Thursday, April 3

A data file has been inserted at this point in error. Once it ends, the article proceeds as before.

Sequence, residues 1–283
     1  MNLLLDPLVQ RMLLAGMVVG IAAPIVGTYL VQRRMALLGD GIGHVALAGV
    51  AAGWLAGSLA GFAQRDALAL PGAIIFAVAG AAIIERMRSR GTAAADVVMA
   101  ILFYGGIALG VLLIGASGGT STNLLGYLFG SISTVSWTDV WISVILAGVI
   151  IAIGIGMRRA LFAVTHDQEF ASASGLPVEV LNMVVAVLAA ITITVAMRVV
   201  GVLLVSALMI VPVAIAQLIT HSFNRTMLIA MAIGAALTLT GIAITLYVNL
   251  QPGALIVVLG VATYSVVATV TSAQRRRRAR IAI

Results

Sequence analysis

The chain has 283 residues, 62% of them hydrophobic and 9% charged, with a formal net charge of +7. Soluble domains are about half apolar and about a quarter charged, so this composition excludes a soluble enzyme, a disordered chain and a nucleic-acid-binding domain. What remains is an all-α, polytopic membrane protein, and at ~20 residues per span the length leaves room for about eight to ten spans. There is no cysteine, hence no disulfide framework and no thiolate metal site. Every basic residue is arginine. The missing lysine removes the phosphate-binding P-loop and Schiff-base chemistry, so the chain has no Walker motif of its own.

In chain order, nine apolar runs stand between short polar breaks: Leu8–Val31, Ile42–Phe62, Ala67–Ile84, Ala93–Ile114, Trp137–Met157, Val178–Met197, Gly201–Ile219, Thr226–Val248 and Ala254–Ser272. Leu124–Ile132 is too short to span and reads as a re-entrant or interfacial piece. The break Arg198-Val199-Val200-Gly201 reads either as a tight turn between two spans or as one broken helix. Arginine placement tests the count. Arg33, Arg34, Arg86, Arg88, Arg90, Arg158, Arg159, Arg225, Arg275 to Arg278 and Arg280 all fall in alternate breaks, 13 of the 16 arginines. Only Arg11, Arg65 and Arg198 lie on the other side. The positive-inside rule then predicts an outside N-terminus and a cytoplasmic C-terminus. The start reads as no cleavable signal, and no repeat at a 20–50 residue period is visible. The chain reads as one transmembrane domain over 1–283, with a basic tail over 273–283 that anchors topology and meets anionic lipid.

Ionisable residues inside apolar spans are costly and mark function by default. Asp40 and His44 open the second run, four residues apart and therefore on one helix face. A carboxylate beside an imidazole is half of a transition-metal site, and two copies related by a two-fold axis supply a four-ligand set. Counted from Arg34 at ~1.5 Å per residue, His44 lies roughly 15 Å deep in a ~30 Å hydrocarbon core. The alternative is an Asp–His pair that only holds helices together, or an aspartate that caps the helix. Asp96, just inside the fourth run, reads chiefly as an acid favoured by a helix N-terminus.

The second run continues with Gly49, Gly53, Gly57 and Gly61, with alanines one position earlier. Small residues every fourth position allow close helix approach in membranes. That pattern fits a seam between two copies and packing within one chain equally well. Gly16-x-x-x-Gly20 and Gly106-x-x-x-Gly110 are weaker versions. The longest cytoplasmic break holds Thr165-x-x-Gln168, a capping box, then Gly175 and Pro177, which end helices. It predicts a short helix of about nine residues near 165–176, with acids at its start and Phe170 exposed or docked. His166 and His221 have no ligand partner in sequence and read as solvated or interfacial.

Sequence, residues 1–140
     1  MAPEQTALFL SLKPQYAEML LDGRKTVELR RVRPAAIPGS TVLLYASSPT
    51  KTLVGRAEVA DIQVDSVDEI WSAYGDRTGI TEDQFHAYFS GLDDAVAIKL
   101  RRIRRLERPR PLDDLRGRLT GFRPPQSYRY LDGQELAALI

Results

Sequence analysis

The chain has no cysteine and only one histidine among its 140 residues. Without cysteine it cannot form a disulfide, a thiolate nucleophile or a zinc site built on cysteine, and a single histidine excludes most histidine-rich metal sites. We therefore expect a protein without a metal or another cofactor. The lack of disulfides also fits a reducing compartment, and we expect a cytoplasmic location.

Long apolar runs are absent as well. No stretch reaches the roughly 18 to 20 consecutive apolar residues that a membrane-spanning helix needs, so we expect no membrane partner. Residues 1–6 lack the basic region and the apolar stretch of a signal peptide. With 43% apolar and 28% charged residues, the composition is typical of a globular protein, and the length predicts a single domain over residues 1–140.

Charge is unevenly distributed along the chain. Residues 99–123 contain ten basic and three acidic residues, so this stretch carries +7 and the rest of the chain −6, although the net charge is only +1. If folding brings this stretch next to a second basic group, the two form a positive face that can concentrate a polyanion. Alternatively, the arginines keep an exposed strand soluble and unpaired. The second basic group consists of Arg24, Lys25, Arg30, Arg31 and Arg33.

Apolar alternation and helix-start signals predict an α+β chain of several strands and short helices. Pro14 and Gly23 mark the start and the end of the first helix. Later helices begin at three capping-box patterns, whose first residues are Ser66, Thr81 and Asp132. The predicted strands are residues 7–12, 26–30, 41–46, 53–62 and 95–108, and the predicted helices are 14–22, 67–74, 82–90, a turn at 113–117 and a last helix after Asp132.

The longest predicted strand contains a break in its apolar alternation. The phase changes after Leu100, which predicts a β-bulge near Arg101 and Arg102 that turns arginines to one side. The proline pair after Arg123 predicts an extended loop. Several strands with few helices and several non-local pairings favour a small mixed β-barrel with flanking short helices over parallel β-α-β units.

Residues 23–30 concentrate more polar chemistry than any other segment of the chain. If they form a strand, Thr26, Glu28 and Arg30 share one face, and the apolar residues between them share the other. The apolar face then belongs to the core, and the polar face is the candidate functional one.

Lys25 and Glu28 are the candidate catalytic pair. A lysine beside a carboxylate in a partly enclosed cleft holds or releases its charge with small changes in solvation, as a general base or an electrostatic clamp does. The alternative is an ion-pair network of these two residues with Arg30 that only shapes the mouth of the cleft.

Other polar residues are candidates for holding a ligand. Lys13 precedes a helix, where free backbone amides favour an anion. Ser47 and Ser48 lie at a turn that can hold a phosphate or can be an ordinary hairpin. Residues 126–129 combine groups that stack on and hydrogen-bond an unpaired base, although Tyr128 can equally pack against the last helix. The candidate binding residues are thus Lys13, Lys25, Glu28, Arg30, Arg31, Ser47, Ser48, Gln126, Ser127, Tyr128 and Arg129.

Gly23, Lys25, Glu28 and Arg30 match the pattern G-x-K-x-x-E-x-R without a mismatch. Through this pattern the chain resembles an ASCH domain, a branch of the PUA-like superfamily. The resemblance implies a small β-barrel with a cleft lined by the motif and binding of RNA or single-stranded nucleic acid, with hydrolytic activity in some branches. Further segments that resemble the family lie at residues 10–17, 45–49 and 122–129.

Camus uses the lack of emotion, then the explosion of emotion of his character Mersault to explore the importance, or rather lack of importance, of finding a meaning in life. Camus had some interesting views on life and was quoted as saying “For if there is a sin against life, it consists perhaps not so much in despairing of life as in hoping for another life and in eluding the implacable grandeur of this life.”(Camus). This quotation shows one of the view that Camus was trying to express in his writing of The Stranger. This view is that trying to explain the awesome nature of the universe is a sin. Mersault is a character that is used to express Camus’s ideas, rather than a mirror of a true person in his lack of emotion, and eventual overload of emotion. The first passage takes place after Mersault murders the Arab, and after he is questioned by the police. He is now being questioned by the magistrate. The magistrate was curious why Mersault “hesitated before,”(68) he fired his “second shot,”(68). Mersault believed that the magistrate was “wrong to dwell on it, because it really didn’t matter,”(69) which suggests that Mersault didn’t have a higher purpose of firing the shots. The bigger picture in Mersault’s case was that Mersault felt like he “was the criminal,”(68). He didn’t feel any need to repent like “a man must repent,”(68) to the magistrate’s God because it was “ridiculous,”(68). The magistrate asked Mersault if he “believed in God,”(69), but Mersault “said no”(69). Mersault didn’t see a purpose in repenting, because he knew he was guilty. He saw the magistrates belief was so strong that “if he were ever to doubt it, his life would become meaningless,”(68). Mersault the magistrate’s meaning in life came from his belief in God, and his relationship with God. Mersault didn’t want anything to do with the magistrate’s view and belief in God. Therefore Mersault was trying to stay away from finding any higher meaning in life. The magistrate even goes as far as to ask if Mersault wanted his “life to be meaningless,”(69) to which Mersault said “it didn’t’ have anything to do with him,”(69). Mersault is literally saying that the magistrate’s building up of emotion had nothing to do with Mersault, himself. Camus wrote this exchange in such a way that suggests the magistrate quest for a meaning had nothing to do with him, and thus meaning had nothing to do with Mersault. As the magistrate grows in expressing his meaning, Mersault reacts by being less involved. The magistrate grew to “screaming irrationaly,”(69), which Mersault responded by being even more removed from the conversation by “not really listening to,”(69) to the magistrate. Mersault even became complacent and “made it appear as if,”(69) he “agreed,”(69). He became more and more removed from the magistrate. The magistrate is an official from the court. The court is part of government, and government is often to used to represent the established rules and laws. The magistrate is very religious. As the magistrate, which is the culmination of the established laws and religious views at this point in the book, becomes more intense Mersault became more removed. Mersault removes himself from the established belief of religion. Religion is the search and ,arguably, the science of a higher purpose. The character Camus created kept removing himself from the concept of religion. This continued until finally the magistrate “fell back into his chair,”(69) and this representation of religion and order removed itself from Mersault. During this whole exchange Mersault remained emotionless , as he did through most of the book, until he came across an actual deliverer of this religion and bigger purpose of life. The only emotion that Mersault shows is in front of a religious man. There is also a figurative “tying of a bow” in having Mersault connections with religion be the place he was originally sentenced and the moments before that sentence would be carried out. There is also a opposite reaction the second time. Mersault goes from no emotion to being so emotional that “the guards were threatening,”(122) him. The outburst of emotion that Mersault expresses is created by Camus in order for Mersault to help him create his message of the unimportance of a higher purpose. This passage take place when Mersault is visited by the chaplain on the eve of his execution. Most prisoners used this time with the chaplain to repent and find a place in their God’s heaven. Mersault however chooses another route. The chaplain is trying to convince him to repent, but Mersault “started yelling at the top,”(120) of his “his lungs,”(120). Although, he doesn’t “know why,”(120) something “snapped,”(120). This inability for Mersault to even know why he reacts the way he does shows that Camus didn’t want Mersault to have a higher meaning in what he was about to say. Camus wants Mersault to be a character without a higher meaning. Mersault doesn’t want the chaplain to “waste his prayers,”(120) because they would be in vain because Mersault believes there isn’t a place that they go to, or even if there is he didn’t believe in it. There was no higher purpose to Mersault. Mersault thought that none of the chaplain’s “certainties was worth on hair of a woman’s head,”(120) because there wasn’t any evidence of his God, yet the chaplain believed in him so strongly. Mersault even goes as far as to say the chaplain was “living like a dead man,”(120) which suggest that dedicated your life to a spreading a higher meaning in life made you no better than a corpse. The next part of the passage Mersault becomes more introverted about what he was feeling. He begins to realize his fate, and understand that he is soon to become a dead man and in some people’s eyes become “emptyhanded,”(120). He however saw the bright side in having a “hold on it as it had a hold on,”(120-121) him. He enjoyed the fact that he could grasp the fact he was going to die, and that he was “sure of his life,”(120). He didn’t live for a bigger purpose. He lived for the here and now. He also says that “nothing, nothing mattered,”(121) in life because there is no greater purpose or meaning in life. We all should go about life doing what we want to do, not live by some father figure telling us how to live, like we find in religion. This large moment finally comes in the presence of a religious person shows that the concept of religion is important to the story. Religion is one of the many ways people attempt to find meaning in this life. Camus uses Mersault to suggest that there is no meaning in life, especially though an organized religion. The more religion pushed toward Mersault, the less he paid attention and accepted it. Mersault felt there was no meaning in life other than the physical needs of the moment.